An example of this was witnessed at Rouse Avenue round about near a five star hotel one fine afternoon when a flag bearing car hit from behind my car damaging the rear bumper. Whose fault was it? The car that hit from behind or the car that was hit from behind by some petty netas car? Interestingly there were two traffic cops stationed near the round about supposed to be monitoring traffic, but it seems they were busy chatting rather than checking the flow of traffic. They flagged my car to stop, which I did thinking that they will get me compensated for the hit, but no, it was the other story altogether. One of the cop asked me why I applied brakes which caused the rear car to bump into my car. I simply told him that had I not done so I could have hit another vehicle in front. The car in the rear was driving bumper to bumper keeping no safe distance, this was the claim of the traffic cop. Does the traffic cop know road regulations himself? Why should two vehicles drive bumper to bumper, not keeping the mandatory distance . So he admitted that the car behind was the erring vehicle. But he asked me blatantly “Do you know whose car was it?” I simply replied I was concentrating on the front traffic and not peeping backwards.
So the fault was of the driver of the car at the back. But petty netas and politicians are out of reach of traffic cops, so how could he blame the car driver at the rear? He did not even stop the car which had hit from behind. What inference does one draw from this incident? That one has to be a petty political neta to be out of bounds from traffic police.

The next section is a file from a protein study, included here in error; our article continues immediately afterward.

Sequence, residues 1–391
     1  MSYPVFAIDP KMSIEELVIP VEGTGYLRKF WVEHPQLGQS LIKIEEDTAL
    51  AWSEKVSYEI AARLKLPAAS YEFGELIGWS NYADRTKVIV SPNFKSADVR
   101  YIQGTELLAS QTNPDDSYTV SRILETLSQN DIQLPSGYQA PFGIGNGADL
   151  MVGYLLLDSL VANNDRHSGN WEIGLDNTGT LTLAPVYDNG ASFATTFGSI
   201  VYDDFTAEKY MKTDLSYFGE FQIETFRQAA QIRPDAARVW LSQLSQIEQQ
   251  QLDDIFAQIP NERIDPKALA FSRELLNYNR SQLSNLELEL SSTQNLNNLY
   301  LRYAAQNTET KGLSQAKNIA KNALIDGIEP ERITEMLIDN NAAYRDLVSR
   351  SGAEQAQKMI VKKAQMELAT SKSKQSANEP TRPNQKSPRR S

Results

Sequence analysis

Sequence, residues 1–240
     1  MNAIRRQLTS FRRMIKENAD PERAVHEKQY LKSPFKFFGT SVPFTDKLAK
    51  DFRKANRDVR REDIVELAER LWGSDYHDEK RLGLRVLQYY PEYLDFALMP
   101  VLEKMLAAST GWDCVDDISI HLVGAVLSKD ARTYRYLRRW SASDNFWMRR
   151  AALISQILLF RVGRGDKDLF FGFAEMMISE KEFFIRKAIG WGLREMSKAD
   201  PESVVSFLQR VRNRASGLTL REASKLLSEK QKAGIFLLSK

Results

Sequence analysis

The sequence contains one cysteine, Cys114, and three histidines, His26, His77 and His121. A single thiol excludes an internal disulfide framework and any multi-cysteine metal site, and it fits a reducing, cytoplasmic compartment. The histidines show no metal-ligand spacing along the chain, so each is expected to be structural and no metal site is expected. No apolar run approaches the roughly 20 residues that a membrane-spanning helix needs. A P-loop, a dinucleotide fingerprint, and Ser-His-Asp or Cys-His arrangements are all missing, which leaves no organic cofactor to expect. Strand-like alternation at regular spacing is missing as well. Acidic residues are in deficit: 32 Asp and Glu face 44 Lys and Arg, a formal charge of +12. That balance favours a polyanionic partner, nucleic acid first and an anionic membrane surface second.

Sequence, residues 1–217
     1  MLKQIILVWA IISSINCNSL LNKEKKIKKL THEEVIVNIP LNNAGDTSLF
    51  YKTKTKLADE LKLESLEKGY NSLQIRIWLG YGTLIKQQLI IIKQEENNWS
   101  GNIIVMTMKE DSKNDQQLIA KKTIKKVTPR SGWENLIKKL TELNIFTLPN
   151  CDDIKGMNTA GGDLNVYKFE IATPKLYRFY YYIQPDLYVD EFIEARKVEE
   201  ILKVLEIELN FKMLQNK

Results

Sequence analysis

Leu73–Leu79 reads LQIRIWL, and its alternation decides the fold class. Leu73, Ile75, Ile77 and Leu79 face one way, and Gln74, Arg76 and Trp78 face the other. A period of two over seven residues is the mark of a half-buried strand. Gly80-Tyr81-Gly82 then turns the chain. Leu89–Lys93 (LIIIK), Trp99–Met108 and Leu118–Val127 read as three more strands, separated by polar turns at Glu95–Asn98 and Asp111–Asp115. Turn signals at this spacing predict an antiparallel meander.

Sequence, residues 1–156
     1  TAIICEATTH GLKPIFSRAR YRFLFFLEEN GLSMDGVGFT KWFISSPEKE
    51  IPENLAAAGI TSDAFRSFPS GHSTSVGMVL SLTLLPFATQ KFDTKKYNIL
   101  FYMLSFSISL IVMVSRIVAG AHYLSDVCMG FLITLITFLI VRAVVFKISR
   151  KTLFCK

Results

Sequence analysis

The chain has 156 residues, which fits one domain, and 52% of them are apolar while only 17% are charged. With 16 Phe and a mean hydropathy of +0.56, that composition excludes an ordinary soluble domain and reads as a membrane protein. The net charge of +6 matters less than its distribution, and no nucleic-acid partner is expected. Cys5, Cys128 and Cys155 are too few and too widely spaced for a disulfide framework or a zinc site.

I recollect the fatal accident involving a State run bus who killed a scooterist and then sped away. The family of the deceased took the matter to the Motor Accidents Compensation Tribunal where I faced another shock of my life when the defence lawyer blamed me for lying. He said that there was no accident, this in spite of the fact that I gave the registration number of the bus. I was not dreaming. The incident had occurred somewhere around 9 p.m and I had immediately contacted the nearest police station. To my surprise the cops had suggested that I should not get entangled in the matter, I might have to face the court. I insisted and lodged an FIR. The family of the deceased finally got compensation.
Today, if at all, the Minister should bring a law against pedestrians who cross roads from anywhere and everywhere signalling the oncoming traffic to a halt. That time one feels like he is living in a village where pedestrians cross streets anywhere after stopping the traffic. The Minister had turned a blind eye to such occurrence which is responsible for fatal accidents partly. The pedestrians are a holy cow for the Minister.
If he was serious in curbing road accidents then he could have imposed suspension of driving licence as a penalty starting three months to the seriousness of the crime. The practice is followed in European countries.
There should be no exemptions like drivers of government vehicles or political parties. These are the culprits who consider the roads their private properties. This scenario must change otherwise he has created nothing but promoting the beginning of a police “raj”, more so in the rural belts where the road users are unaware of their rights and duties. Monetary penalty is no deterrent for the shameless owner of the vehicle, but suspension of licence will definitely be a deterrent affecting his daily routine and budget.
————— By Amit Mittal————–